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Rapper Macklemore greets people as the King County Drug Court celebrates its 20th anniversary on Monday. The award-winning rapper spoke about his experiences as a teenager with a drug and alcolhol addiction that landed him in juvenile drug court.

The audience at the King County Courthouse knew the man standing in front of them as Macklemore, the award-winning rapper whose songs like “Thrift Shop” and “Same Love” catapulted him into superstardom.

But the man who had casually walked in and sat down on the front bench in courtroom E-942 on Tuesday introduced himself in a different way.

“Hi, I’m Ben. And I’m an alcoholic.”

Long before he was Macklemore, Ben Haggerty was a Seattle teen with a drug and alcohol addiction that first landed him in King County Juvenile Drug Court at age 15. He spoke about his experiences at a celebration Tuesday marking the 20th anniversary of King County Drug Court, a program that provides eligible defendants the opportunity to receive drug treatment rather than incarceration.

Originally started by the late King County prosecutor Norm Maleng in 1994, the program has graduated 2,050 participants, and, according to Drug Court officials, saved taxpayers about $95 million. King County’s was the 12th drug court in the country when it started; now there are 2,840.

King County’s program has served as a national model, U.S. District Court Judge Ricardo Martinez said, even though he thought it was “the craziest idea” when he originally heard it. Speakers on Tuesday talked about their respect for Maleng, who died in 2007.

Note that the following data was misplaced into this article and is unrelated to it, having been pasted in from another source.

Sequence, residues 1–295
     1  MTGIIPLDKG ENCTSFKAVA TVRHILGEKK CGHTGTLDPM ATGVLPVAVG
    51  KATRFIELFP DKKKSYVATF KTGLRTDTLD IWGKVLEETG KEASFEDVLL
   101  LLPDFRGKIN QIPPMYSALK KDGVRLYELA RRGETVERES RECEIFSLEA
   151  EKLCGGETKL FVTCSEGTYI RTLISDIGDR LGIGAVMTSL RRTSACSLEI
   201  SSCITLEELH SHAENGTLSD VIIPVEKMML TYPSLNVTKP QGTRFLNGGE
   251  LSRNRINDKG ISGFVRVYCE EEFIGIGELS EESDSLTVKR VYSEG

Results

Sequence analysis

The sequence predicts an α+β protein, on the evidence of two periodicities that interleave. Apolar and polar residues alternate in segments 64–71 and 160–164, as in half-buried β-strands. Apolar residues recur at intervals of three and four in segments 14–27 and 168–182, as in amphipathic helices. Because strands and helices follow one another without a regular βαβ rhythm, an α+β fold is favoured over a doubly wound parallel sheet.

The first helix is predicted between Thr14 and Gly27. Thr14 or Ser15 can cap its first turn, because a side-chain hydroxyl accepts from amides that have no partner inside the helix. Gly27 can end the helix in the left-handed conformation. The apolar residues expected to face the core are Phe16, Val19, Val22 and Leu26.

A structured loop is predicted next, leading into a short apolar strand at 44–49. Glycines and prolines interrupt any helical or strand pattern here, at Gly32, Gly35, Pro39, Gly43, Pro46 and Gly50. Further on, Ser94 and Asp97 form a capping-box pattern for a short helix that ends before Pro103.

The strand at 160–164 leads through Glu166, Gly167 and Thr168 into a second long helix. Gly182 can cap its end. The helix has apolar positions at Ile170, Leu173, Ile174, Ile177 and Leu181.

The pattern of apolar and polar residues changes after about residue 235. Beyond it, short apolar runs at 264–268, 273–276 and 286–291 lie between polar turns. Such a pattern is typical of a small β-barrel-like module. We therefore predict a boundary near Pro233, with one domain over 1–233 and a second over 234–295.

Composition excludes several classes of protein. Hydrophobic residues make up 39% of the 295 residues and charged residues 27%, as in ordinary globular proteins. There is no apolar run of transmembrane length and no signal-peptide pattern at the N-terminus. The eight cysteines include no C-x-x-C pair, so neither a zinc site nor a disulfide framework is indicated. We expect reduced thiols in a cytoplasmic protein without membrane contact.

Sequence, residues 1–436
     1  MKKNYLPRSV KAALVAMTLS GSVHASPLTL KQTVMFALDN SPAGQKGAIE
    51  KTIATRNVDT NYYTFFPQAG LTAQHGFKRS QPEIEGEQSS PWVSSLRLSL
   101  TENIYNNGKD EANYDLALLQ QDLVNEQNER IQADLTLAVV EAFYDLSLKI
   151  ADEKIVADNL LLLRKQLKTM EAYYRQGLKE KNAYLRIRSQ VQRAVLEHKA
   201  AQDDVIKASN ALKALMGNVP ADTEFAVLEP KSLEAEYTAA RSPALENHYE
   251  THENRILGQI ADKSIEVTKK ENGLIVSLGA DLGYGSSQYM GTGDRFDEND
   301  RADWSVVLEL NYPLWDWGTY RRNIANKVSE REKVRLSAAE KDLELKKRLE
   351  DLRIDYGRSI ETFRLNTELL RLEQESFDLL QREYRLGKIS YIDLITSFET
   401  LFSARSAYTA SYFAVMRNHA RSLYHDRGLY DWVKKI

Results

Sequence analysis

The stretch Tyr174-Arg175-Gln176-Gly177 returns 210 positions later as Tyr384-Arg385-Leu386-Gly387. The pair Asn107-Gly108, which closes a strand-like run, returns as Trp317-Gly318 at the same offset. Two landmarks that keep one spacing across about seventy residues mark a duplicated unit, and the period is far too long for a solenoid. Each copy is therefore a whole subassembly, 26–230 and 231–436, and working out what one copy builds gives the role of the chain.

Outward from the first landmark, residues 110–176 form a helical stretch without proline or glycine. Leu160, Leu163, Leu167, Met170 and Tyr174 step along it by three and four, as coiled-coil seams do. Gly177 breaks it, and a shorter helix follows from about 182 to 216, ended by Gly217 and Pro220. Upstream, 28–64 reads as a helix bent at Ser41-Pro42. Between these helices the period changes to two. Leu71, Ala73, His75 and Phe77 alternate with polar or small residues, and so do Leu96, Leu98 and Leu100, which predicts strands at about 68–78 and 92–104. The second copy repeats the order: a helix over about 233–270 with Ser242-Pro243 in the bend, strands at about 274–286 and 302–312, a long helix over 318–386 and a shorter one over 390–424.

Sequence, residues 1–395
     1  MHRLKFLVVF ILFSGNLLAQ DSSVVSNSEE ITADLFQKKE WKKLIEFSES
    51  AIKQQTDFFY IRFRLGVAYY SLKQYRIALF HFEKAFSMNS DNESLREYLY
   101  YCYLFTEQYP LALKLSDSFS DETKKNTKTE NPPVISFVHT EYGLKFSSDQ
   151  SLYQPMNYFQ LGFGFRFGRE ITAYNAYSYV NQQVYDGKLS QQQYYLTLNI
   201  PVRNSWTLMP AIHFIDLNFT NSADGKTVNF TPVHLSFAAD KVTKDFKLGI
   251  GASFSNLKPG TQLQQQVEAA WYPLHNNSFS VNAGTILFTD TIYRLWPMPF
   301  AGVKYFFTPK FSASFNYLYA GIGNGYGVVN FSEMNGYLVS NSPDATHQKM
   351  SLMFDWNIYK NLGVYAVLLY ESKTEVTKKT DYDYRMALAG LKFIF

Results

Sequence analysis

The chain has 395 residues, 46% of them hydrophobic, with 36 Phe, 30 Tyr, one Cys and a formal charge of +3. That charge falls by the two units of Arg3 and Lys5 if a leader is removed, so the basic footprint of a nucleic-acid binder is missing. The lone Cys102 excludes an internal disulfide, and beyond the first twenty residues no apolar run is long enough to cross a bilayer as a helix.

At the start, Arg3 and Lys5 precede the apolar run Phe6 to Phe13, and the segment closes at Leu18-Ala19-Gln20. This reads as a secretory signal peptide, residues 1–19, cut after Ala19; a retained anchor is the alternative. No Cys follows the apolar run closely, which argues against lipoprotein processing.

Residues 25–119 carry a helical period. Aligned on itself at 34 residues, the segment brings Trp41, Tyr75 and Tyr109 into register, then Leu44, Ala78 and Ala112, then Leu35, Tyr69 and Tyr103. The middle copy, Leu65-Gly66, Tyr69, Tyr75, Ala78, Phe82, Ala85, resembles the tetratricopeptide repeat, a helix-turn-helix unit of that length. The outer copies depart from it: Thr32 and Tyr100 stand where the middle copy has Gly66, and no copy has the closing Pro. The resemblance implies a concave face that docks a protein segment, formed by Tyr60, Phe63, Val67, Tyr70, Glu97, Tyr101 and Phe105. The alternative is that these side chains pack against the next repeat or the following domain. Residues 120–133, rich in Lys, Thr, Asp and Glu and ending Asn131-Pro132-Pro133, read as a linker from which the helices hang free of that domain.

When the program faced hurdles, Maleng would say “Well, we’ll just get around that,” Martinez said. After the program concluded, King County Superior Court Judge Gregory Canova said that overseeing Drug Court is the best job he has ever had.

“It’s the only spot in the criminal-justice system where people get their lives back,” Canova said.

King County Councilmember Larry Gossett said that, of his six relatives who have been in King County Jail for drug-related offenses, only one doesn’t have a criminal record. That’s because his relative completed Drug Court, he said.

“It forces you to ask why you are doing drugs,” Gossett said. “If you don’t complete it, you are going to J-A-I-L.”

About halfway through Tuesday’s program, Macklemore walked in and sat down on a front bench, leading to excited whispers and at least one squeal from the audience of Drug Court graduates and others involved with the program. Before he was introduced, he was just a part of the audience, clapping for other graduates and listening to the history of the program.

Standing behind a lectern, he spoke about being arrested at 15 and ending up in Drug Court for the first time. He said his struggle with alcohol and drug addiction is an ongoing process, one that will never go away. But if he’s sober, he said, he has a chance.

“Drug court gives people a way to get sober, to heal,” he said. “I don’t want to just get through the day. I want to live. That is what Drug Court is to me.”